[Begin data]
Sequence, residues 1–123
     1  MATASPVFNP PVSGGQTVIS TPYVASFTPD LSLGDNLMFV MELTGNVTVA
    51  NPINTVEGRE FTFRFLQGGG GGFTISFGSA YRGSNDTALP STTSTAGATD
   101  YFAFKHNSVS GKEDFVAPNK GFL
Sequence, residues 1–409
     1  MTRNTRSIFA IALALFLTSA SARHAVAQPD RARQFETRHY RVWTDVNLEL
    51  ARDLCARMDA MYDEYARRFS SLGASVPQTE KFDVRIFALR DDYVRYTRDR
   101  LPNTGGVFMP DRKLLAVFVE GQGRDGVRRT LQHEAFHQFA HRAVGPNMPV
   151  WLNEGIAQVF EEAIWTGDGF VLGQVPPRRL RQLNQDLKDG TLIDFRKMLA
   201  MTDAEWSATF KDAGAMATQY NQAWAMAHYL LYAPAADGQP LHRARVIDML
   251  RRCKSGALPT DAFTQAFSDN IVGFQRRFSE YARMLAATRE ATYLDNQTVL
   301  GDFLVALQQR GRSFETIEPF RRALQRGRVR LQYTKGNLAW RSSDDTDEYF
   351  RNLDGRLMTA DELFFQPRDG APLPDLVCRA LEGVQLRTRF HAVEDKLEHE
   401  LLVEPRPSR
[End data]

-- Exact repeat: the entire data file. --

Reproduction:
Sequence, residues 1–123
     1  MATASPVFNP PVSGGQTVIS TPYVASFTPD LSLGDNLMFV MELTGNVTVA
    51  NPINTVEGRE FTFRFLQGGG GGFTISFGSA YRGSNDTALP STTSTAGATD
   101  YFAFKHNSVS GKEDFVAPNK GFL
Sequence, residues 1–409
     1  MTRNTRSIFA IALALFLTSA SARHAVAQPD RARQFETRHY RVWTDVNLEL
    51  ARDLCARMDA MYDEYARRFS SLGASVPQTE KFDVRIFALR DDYVRYTRDR
   101  LPNTGGVFMP DRKLLAVFVE GQGRDGVRRT LQHEAFHQFA HRAVGPNMPV
   151  WLNEGIAQVF EEAIWTGDGF VLGQVPPRRL RQLNQDLKDG TLIDFRKMLA
   201  MTDAEWSATF KDAGAMATQY NQAWAMAHYL LYAPAADGQP LHRARVIDML
   251  RRCKSGALPT DAFTQAFSDN IVGFQRRFSE YARMLAATRE ATYLDNQTVL
   301  GDFLVALQQR GRSFETIEPF RRALQRGRVR LQYTKGNLAW RSSDDTDEYF
   351  RNLDGRLMTA DELFFQPRDG APLPDLVCRA LEGVQLRTRF HAVEDKLEHE
   401  LLVEPRPSR